John Major denies "bucket of shit" story

The famed exchange with Kelvin MacKenzie never took place, says the former PM.

Appearing before the Leveson inquiry, John Major has just denied that former Sun editor Kelvin MacKenzie ever uttered the famous words: "I've got a bucket of shit on my desk, prime minister, and I'm going to pour it all over you."

In his own appearance at the inquiry, MacKenzie told Robert Jay QC (see video, below) that the alleged exchange took place after Major phoned him following the UK's exit from the Exchange Rate Mechanism on "Black Wednesday" in 1992.

But his account was contradicted by Major, who said: "Perhaps my memory is very faulty indeed but I certainly don't recollect the same conversation that has been circulated".

"There are more myths about Black Wednesday than the Greeks ever created," he wryly added.

Both men were, of course, under oath, so who's telling the truth?

Former British Prime Minister John Major arrives to give evidence at the Leveson inquiry. Photograph: Getty Images.

George Eaton is political editor of the New Statesman.

A second referendum? Photo: Getty
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Will there be a second EU referendum? Petition passes 1.75 million signatures

Updated: An official petition for a second EU referendum has passed 1.75m signatures - but does it have any chance of happening?

A petition calling for another EU referendum has passed 1.75 million signatures

"We the undersigned call upon HM Government to implement a rule that if the remain or leave vote is less than 60% based a turnout less than 75% there should be another referendum," the petition reads. Overall, the turnout in the EU referendum on 23 June was 73 per cent, and 51.8 per cent of voters went for Leave.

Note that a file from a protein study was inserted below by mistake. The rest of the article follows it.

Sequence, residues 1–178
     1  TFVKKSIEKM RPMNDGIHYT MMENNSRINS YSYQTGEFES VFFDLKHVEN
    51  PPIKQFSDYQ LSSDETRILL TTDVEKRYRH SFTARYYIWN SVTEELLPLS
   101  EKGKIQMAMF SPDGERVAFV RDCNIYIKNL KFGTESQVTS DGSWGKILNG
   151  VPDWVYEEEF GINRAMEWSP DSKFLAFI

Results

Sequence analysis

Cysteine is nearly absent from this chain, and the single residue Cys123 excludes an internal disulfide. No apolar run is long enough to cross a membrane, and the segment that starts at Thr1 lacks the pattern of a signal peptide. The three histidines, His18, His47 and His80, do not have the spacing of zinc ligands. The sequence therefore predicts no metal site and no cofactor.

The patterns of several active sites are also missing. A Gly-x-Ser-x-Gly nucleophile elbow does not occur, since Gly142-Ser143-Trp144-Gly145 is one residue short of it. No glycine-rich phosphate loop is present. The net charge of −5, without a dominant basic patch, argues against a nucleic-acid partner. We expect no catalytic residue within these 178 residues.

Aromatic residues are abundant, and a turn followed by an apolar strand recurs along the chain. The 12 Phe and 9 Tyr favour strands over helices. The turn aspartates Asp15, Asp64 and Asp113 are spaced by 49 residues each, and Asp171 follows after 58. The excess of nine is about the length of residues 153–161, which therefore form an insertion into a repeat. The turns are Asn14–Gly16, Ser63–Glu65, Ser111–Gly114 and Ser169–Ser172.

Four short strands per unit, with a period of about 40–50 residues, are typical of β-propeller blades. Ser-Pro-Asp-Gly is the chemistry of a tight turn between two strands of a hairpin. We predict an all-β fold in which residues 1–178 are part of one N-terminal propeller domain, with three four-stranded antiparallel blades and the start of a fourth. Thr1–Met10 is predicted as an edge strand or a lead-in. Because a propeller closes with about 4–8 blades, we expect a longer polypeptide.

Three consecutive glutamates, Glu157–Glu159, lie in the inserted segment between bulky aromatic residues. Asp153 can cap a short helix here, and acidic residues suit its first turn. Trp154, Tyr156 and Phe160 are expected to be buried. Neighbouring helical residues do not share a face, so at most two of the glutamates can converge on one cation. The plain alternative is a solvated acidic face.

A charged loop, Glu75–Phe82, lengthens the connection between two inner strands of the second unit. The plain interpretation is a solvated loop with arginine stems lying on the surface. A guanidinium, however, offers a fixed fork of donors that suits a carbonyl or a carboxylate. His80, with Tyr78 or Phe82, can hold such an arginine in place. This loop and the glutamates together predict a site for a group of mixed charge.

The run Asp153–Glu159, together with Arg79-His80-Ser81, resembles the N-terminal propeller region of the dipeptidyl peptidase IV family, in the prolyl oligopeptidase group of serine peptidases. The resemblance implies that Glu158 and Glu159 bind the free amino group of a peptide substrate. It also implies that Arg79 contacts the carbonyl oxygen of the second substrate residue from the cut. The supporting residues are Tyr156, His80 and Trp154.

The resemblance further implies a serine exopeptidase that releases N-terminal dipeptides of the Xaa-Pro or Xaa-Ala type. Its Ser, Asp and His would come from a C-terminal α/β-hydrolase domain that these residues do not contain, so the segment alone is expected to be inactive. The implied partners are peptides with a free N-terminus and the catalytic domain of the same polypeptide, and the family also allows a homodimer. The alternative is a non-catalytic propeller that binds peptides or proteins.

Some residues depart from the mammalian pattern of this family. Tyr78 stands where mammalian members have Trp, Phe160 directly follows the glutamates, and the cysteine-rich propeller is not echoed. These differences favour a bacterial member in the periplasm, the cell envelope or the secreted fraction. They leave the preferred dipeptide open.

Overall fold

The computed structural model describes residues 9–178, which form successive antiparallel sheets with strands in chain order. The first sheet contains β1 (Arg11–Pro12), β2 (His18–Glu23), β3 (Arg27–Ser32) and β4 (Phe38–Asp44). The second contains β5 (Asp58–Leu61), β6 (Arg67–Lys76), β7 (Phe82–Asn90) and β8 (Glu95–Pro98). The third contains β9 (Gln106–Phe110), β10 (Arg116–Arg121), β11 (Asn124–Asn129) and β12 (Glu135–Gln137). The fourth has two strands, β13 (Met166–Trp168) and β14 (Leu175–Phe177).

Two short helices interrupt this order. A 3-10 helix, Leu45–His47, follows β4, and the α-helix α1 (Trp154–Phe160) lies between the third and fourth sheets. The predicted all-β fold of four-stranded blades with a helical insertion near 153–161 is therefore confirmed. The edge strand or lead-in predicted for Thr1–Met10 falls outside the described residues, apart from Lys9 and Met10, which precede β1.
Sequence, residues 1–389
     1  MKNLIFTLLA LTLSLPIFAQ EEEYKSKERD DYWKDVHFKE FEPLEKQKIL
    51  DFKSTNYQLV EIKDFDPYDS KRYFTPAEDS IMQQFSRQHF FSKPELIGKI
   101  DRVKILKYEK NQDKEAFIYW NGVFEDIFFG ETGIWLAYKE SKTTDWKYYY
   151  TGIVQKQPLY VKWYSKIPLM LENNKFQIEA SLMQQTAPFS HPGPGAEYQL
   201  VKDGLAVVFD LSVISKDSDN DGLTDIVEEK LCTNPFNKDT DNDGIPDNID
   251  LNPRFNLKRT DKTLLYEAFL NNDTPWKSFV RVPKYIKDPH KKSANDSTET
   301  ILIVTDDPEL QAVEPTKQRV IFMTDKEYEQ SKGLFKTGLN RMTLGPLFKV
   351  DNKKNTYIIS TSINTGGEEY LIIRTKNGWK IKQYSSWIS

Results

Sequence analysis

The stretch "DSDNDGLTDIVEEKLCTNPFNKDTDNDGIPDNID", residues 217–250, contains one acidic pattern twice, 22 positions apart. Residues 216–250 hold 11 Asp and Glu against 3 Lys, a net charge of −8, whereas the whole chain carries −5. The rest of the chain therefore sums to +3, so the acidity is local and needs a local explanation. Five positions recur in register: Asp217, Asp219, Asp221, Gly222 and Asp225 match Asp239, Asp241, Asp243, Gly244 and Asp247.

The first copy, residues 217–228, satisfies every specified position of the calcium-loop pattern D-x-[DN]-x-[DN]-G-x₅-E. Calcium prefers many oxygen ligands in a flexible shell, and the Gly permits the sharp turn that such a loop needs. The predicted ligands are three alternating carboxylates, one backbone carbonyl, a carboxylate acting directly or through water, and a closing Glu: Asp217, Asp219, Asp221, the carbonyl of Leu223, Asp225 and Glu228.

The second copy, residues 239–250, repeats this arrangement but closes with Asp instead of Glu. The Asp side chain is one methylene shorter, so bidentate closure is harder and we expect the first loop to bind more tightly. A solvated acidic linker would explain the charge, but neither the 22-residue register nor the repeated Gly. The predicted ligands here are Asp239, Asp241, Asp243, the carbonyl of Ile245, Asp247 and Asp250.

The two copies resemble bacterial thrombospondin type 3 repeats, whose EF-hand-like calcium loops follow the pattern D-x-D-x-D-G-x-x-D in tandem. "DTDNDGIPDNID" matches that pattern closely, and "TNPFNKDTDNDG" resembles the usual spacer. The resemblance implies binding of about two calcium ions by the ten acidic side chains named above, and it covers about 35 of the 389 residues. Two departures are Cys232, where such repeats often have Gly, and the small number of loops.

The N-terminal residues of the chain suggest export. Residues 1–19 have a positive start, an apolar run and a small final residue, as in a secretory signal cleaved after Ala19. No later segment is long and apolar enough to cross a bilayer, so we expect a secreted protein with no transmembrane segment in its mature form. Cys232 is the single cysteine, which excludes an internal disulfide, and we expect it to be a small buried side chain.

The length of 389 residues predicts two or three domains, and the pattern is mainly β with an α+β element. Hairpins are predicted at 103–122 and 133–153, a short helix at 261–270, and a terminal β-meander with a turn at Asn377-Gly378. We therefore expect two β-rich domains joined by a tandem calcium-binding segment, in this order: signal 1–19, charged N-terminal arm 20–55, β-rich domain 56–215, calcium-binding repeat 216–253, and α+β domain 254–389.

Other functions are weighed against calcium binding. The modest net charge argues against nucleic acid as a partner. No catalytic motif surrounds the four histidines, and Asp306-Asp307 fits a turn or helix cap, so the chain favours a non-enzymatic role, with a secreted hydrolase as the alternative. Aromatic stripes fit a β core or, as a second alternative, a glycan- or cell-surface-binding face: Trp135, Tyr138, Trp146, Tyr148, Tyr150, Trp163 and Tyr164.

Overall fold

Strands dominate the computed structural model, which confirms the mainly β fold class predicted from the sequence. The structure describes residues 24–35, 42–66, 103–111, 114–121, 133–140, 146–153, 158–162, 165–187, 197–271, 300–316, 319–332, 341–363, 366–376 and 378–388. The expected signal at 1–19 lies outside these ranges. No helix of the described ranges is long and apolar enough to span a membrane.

The petition has been so popular it briefly crashed the government website, and is now the biggest petition in the site's history.

After 10,000 signatures, the government has to respond to an official petition. After 100,000 signatures, it must be considered for a debate in parliament. 

Nigel Farage has previously said he would have asked for a second referendum based on a 52-48 result in favour of Remain.

However, what the petition is asking for would be, in effect, for Britain to stay as a member of the EU. Turnout of 75 per cent is far higher than recent general elections, and a margin of victory of 20 points is also ambitious. In the 2014 independence referendum in Scotland, the split was 55-45 in favour of remaining in the union. 

Unfortunately for those dismayed by the referendum result, even if the petition is debated in parliament, there will be no vote and it will have no legal weight. 

Another petition has been set up for London to declare independence, which has attracted 130,000 signatures.